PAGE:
Although the 493 Patent describes new esters of acyclovir as being "particularly useful for the formulation of aqueous pharmaceutical preparations such as eye drops and injectable preparations", the specification included a teaching that "the active compounds may be administered by any route appropriate to the condition to be treated... including oral, rectal, nasal, topical …, vaginal and parenteral...” For oral administration of the new ester compounds, the patent specification taught the following:
Formulations of the present invention suitable for oral administration may be presented as discrete units such as capsules, cachets or tablets each containing a predetermined amount of the active ingredient; as a powder or granules; as a solution or a suspension in an aqueous liquid or a non-aqueous liquid; or as an oil-in-water liquid emulsion or a water-in-oil liquid emulsion. The active ingredient may also be presented as a bolus, electuary or paste.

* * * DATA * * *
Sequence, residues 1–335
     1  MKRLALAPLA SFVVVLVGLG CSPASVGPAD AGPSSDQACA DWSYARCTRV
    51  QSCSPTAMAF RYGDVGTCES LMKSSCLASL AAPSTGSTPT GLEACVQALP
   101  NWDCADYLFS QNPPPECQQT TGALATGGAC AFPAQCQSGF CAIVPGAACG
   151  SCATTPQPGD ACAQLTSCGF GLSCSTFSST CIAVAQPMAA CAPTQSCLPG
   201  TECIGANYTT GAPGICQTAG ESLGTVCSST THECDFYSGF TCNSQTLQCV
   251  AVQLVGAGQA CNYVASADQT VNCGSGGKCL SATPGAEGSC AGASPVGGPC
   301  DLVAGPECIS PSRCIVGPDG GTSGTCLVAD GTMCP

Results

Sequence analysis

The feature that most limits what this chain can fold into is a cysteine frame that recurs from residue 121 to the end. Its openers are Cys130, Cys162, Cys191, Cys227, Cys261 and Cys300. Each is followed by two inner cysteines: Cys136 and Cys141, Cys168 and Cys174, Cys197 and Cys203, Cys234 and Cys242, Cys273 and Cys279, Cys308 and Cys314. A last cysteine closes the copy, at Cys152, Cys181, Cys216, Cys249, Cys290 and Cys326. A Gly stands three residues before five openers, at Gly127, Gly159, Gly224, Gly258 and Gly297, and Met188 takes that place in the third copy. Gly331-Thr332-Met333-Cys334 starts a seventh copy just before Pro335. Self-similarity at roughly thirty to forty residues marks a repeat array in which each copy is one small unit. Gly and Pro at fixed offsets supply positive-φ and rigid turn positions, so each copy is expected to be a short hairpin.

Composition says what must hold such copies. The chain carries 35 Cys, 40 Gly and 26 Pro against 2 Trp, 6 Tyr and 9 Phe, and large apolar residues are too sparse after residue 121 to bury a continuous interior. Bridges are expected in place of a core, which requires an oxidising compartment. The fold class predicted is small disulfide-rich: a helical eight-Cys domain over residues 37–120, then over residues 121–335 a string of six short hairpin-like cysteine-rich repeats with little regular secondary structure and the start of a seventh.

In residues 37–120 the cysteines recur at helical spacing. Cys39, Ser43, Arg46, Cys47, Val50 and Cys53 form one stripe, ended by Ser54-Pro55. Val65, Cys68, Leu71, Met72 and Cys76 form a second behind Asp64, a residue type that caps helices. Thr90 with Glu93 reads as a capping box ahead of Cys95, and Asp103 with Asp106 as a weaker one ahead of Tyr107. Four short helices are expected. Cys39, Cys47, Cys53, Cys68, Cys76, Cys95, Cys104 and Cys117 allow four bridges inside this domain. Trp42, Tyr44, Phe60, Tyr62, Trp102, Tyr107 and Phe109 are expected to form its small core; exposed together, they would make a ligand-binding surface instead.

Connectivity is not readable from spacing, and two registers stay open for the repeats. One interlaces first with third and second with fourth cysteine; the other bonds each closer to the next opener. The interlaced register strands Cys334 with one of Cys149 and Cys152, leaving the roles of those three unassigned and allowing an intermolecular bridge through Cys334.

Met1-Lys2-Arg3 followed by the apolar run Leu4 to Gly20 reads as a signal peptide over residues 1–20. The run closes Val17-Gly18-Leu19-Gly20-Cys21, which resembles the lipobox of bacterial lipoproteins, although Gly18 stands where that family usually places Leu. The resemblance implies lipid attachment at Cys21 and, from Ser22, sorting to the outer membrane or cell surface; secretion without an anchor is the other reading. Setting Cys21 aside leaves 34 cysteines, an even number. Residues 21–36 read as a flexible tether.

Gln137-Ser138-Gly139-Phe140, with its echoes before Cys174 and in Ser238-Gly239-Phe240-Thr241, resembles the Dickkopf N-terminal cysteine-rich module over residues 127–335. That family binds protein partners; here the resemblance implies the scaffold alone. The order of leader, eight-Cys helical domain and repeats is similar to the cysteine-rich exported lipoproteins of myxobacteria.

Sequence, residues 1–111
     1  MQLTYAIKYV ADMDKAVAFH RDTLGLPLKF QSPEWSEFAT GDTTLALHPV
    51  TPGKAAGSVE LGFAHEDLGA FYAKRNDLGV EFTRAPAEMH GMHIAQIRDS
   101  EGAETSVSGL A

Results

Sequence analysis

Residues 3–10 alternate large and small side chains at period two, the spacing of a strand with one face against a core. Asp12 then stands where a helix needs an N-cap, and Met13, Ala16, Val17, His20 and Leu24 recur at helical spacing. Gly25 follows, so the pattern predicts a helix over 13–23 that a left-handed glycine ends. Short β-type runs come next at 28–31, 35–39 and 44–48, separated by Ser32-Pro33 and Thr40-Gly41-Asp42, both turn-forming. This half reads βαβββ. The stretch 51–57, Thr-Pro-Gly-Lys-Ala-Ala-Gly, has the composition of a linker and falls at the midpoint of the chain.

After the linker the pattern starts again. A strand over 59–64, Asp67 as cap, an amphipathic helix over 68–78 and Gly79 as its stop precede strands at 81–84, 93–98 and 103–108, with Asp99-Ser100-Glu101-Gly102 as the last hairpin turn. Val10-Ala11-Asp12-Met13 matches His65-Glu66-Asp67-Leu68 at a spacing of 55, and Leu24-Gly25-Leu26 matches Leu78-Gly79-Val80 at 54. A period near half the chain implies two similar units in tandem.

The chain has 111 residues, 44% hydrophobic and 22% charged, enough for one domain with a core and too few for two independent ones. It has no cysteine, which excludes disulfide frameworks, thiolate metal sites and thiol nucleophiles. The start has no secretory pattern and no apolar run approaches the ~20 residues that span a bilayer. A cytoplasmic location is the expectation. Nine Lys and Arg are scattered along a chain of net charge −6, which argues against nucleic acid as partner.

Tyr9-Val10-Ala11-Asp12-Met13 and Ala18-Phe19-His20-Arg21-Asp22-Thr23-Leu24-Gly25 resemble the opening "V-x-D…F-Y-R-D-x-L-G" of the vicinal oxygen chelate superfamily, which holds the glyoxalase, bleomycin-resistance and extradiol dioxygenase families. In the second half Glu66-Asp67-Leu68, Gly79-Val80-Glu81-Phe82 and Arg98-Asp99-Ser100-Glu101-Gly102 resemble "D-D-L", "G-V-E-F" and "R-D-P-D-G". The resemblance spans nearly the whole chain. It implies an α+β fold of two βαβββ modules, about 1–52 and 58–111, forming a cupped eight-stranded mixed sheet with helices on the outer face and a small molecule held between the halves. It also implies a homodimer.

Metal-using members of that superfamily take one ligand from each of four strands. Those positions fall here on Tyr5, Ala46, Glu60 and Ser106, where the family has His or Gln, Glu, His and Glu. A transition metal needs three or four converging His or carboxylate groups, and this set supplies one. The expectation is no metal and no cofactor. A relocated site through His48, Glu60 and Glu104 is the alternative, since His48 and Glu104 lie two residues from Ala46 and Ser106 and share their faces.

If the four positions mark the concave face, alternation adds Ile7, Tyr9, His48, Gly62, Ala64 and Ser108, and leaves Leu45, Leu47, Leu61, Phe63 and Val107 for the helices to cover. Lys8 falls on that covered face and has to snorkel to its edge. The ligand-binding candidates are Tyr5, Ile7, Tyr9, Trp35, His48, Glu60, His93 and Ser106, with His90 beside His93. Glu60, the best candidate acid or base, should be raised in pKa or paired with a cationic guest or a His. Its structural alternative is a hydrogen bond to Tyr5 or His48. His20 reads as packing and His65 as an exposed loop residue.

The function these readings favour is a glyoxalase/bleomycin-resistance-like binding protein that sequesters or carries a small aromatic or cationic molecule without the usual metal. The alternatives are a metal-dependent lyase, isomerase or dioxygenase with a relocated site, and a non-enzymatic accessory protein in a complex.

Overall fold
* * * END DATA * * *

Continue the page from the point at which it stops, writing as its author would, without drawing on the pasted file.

GSK’s 083 Patent claimed the compound valacyclovir (i.e., the L-valine ester of acyclovir) as a selection from the genus of aliphatic amino acids esters of acyclovir claimed in the 493 Patent. The discovery asserted by the 083 Patent was that valacyclovir “surprisingly has improved bioavailability after oral administration compared with alanine and glycine esters mentioned [in the 493 Patent]”. The specification also stated that while acyclovir possessed a potent antiviral activity it was known to be poorly soluble in water and poorly absorbed in the gastrointestinal tract. The inventors acknowledged the utility of the 493 Patent in solving the solubility problem of acyclovir but, by inference at least, they maintained that its oral bioavailability limitations were still unresolved. The Patent specification goes on to offer the following additional inventive findings:
In tests in rats, measuring the urinary recovery as acyclovir (% dose administered) after oral administration, the compounds of the invention show a large increase in absorption from the gut compared with the other esters and compared with acyclovir. This enables less drug to be administered while still providing equivalent drug levels in the plasma after oral absorption. The L-valinate compound is especially preferred by virtue of its particularly good absorption from the gut.